Dear brothers and sisters, good morning!
In these past weeks we have been reflecting on the “Lord’s Prayer.” Now on the eve of the Paschal Triduum, let us pause on some of the words with which Jesus prayed to the Father during His Passion.
The first invocation occurs after the Last Supper when the Lord “lifted up His eyes to heaven and said, ‘Father, the hour has come; glorify thy Son’” — and then — “glorify thou me in thy own presence with the glory which I had with thee before the world was made” (John 17:1-5). Jesus asks for glory, a request which seems a paradox as His Passion is imminent. What glory is He referring to? In the Bible, glory refers to God’s self-revelation. It is the distinctive sign of His saving presence among mankind. Now, Jesus is the One who definitively manifests God’s presence and salvation. And He does this at Easter: lifted up on the cross, He is glorified (John 12:23-33). There, God finally reveals His glory: He removes the last veil and astonishes us as never before. Indeed, we discover that the Glory of God is entirely love: pure, unbridled and inconceivable love, beyond every limit and measure.
Brothers and sisters, let us make Jesus’ prayer our own: let us ask the Father to remove the veil from our eyes, so that in looking at the crucifix over these days, we may understand that God is love. How often do we imagine Him as master and not as Father; how often do we think of Him as an austere judge rather than a merciful Savior! But at Easter, God voids the distances, revealing Himself in the humility of a love that seeks our love. Thus, we give Him glory when we live whatever we do with love, when we do everything from our heart, as if for Him (Colossians 3:17).
True glory is the glory of love because it is the only kind that gives life to the world. This glory is certainly the opposite of worldly glory, which comes from being admired, praised, acclaimed: when the “I” is at the centre of attention. The glory of God, on the other hand, is paradoxical: no applause, no audience. At the centre is not the “I,” but rather the other. Indeed, at Easter we see that the Father glorifies the Son as the Son glorifies the Father. No one glorifies himself or herself. We can ask ourselves today: “Which glory do I live for? Mine or God’s? Do I wish only to receive from others or also to give to others?”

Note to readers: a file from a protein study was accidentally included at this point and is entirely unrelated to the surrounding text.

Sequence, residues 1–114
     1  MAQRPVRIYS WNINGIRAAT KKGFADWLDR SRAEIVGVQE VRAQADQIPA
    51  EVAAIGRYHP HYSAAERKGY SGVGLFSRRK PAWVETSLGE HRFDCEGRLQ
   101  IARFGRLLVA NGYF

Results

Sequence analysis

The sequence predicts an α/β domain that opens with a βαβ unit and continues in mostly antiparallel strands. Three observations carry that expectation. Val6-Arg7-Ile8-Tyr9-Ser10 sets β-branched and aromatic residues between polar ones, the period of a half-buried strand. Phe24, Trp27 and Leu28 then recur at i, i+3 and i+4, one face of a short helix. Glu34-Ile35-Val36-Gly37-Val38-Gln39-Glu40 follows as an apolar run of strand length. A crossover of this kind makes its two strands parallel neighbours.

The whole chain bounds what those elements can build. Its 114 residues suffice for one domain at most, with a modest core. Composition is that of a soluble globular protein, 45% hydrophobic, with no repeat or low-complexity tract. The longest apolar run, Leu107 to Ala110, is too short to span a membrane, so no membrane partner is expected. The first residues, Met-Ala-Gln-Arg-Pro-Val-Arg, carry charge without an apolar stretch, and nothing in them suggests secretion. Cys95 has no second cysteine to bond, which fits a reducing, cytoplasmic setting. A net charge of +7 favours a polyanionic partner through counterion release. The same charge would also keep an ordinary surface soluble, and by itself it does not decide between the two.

After the Last Supper, Jesus enters the Garden of Gethsemane and here too, He prays to the Father. While the disciples are unable to stay awake and Judas is approaching with the soldiers, Jesus begins to feel “distressed and troubled.” He feels all the anguish at what awaits Him: betrayal, contempt, suffering, failure. He is “sorrowful” and there in the abyss, in that desolation, He addresses the Father with the most tender and gentle word: “Abba,” that is, Father (Mark 14:33-36). Jesus teaches us to embrace the Father in our trials, because in praying to Him, there is the strength to go forward in suffering. In times of struggle, prayer is relief, entrustment, comfort. Abandoned by all, in inner desolation, Jesus is not alone. He is with the Father. On the other hand, we in our own Gethsemanes, often choose to remain alone rather than say “Father” and entrust ourselves to Him, as Jesus did, entrusting ourselves to His will which is our true good. But when we remain closed within ourselves during trials, we dig a tunnel inside ourselves, a painful, introverted path that has only one direction: ever deeper into ourselves. Solitude does not offer a way out, prayer does, because it is relationship, it is entrustment. Jesus entrusts everything and all of Himself to the Father, bringing to Him all that He feels, leaning on Him in the struggle. When we enter our own Gethsemanes — we each have our own Gethsemanes or have had them or will have them — let us remember this: when we enter, when we will enter our Gethsemane, let us remember to pray in this way: “Father.”
Lastly, Jesus addresses to the Father a third prayer for us: “Father, forgive them; for they know not what they do” (Luke 23:34). Jesus prays for those who were cruel to Him, for His killers. The Gospel points out that this prayer occurs at the moment of the crucifixion. It was probably the moment of sharpest pain, when nails were being driven into His wrists and feet. Here, at the peak of suffering, comes the pinnacle of love: forgiveness, which is the gift to the Nth power that breaks the cycle of evil.
As we pray the “Lord’s Prayer” in these days, we can ask for one of these graces: to live our days for the glory of God, that is, to live with love; to know how to entrust ourselves to the Father in times of trial and to utter “dad” to the Father and, in the encounter with the Father, to find forgiveness and the courage to forgive. Both things go together, the Father forgives us, but He gives us the courage to be able to forgive.
— Pope Francis
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